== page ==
Daylight reduces the risk of depression and psychosis

Dimming the lights in the evening and getting plenty of daylight during the day is good for your mental health. Australian researchers show this.

Here’s to you

Long-term exposure to artificial light in the evening and at night is associated with an increased risk of developing a number of psychological disorders. Anyone who continues to live under the light of lamps and screens when it’s dark outside is at greater risk of developing depression, stress complaints, and PTSD.

Conversely, plenty of exposure to natural daylight, for example, reduces the risk of depression by up to 20 percent.

Dangerous size

This is what researchers from Australia’s Monash University found. This isn’t the first time the importance of day-night rhythm for mental health has been demonstrated, but this study is of serious scope: 87,000 people participated. They wore a wristband for a week that recorded the level of light exposure.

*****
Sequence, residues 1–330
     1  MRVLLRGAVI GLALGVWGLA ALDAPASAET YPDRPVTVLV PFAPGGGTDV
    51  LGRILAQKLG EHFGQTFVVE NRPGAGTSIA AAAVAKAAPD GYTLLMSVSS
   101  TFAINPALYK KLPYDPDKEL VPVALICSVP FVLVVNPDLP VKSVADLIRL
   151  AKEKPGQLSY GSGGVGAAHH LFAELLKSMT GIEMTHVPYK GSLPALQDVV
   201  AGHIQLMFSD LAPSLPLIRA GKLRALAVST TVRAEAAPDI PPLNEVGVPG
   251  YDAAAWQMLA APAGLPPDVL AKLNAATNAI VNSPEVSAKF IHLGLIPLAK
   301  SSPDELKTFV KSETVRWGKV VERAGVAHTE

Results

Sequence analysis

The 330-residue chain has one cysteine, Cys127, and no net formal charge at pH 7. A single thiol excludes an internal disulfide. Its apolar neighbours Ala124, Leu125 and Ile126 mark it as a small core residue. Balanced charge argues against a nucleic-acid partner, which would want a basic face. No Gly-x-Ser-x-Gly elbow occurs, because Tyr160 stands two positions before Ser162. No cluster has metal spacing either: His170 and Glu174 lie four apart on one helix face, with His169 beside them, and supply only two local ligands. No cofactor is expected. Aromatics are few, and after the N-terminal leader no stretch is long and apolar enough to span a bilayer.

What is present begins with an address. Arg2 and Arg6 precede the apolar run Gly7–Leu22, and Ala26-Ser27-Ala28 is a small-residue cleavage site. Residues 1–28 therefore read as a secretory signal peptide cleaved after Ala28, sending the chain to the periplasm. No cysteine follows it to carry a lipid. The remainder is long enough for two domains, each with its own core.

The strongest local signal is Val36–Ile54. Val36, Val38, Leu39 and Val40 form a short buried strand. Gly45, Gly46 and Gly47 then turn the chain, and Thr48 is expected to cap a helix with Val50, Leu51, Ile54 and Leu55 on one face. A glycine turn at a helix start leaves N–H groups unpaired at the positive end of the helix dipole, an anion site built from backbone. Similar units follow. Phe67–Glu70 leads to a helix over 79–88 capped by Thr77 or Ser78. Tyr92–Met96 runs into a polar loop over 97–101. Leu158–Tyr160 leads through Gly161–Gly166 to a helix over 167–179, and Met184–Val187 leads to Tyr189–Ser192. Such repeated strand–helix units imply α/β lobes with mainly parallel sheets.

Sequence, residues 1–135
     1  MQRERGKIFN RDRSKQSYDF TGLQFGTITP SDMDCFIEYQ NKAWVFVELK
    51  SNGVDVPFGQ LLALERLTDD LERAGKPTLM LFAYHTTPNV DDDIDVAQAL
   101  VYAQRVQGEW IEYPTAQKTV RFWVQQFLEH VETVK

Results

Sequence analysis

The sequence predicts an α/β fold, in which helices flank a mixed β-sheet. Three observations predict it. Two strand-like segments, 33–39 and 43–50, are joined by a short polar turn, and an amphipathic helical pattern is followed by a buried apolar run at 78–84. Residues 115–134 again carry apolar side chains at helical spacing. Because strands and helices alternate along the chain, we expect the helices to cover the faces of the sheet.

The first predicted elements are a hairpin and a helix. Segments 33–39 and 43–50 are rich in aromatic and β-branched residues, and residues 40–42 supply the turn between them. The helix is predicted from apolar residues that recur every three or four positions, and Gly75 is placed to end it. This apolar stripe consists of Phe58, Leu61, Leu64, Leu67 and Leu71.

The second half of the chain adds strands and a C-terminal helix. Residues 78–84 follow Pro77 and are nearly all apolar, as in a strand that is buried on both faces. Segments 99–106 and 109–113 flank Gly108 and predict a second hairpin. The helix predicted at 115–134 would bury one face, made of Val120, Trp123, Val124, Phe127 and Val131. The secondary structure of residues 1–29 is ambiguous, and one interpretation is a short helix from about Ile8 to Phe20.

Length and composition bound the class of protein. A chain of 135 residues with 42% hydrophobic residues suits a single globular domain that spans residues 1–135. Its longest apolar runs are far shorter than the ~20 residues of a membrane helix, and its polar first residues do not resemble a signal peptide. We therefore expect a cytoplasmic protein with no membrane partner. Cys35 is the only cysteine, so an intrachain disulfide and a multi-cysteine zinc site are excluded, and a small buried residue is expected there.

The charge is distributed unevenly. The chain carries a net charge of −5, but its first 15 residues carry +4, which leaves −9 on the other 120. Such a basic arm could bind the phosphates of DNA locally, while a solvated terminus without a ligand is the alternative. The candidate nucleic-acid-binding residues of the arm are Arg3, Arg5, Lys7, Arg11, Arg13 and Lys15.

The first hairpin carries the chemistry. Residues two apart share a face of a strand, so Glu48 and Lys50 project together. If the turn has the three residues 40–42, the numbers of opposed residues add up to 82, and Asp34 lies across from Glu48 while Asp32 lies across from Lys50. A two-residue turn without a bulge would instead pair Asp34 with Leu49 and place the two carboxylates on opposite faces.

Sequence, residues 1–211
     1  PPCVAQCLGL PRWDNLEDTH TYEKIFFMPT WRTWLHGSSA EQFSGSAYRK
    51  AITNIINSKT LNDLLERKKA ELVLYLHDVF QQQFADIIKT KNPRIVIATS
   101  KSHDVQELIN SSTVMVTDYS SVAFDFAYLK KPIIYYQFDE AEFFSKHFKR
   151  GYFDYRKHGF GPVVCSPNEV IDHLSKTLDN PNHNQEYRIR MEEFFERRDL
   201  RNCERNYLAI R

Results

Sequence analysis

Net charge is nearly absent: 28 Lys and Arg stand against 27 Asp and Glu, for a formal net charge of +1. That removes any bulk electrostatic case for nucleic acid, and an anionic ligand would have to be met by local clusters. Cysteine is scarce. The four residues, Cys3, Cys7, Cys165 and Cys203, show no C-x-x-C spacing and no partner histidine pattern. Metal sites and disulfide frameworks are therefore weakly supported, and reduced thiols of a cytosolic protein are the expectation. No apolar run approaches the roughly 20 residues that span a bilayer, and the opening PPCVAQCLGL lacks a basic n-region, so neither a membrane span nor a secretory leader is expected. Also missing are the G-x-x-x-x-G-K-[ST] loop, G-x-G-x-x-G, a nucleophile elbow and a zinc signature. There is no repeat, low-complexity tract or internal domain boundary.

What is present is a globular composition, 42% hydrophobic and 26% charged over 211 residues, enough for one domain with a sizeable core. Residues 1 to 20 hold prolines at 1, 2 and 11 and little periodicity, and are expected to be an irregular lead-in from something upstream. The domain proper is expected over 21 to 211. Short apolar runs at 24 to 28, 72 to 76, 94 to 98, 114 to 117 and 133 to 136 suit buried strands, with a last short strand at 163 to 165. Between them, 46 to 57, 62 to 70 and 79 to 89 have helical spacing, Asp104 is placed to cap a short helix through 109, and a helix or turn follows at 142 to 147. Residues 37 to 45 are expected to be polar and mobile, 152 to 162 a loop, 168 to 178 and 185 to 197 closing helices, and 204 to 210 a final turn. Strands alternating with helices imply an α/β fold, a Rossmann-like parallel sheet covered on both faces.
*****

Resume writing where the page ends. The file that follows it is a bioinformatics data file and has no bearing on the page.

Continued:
The researchers can rule out that the results were influenced by working evening shifts, poor sleep, the difference between urban and rural areas and the heart health of the people studied.

Biological clock imbalance

Researchers have been concerned for some time about disruptions to people’s ingenious biological clocks. Increasingly, it appears that problems arise due to the disruption of this redundant system. In the Netherlands, for example, this happens BioClock Consortium Research into the consequences for people and nature.

The Australian study is the largest of its kind to date, and measures light exposure using objective data. Those are the strengths. But the tricky thing is that the study cannot rule out that day-night rhythm disturbance is actually a consequence of mental illness, not a cause. Therefore, additional research remains necessary.

However, it is clear that day-night rhythm plays an important role in mental health. Researchers stress that this is a cheap and simple way for everyone to impact mental health: get enough bright light during the day, and cherish the dark evenings and nights.

This study was published in the journal Natural mental health

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Megan Vasquez

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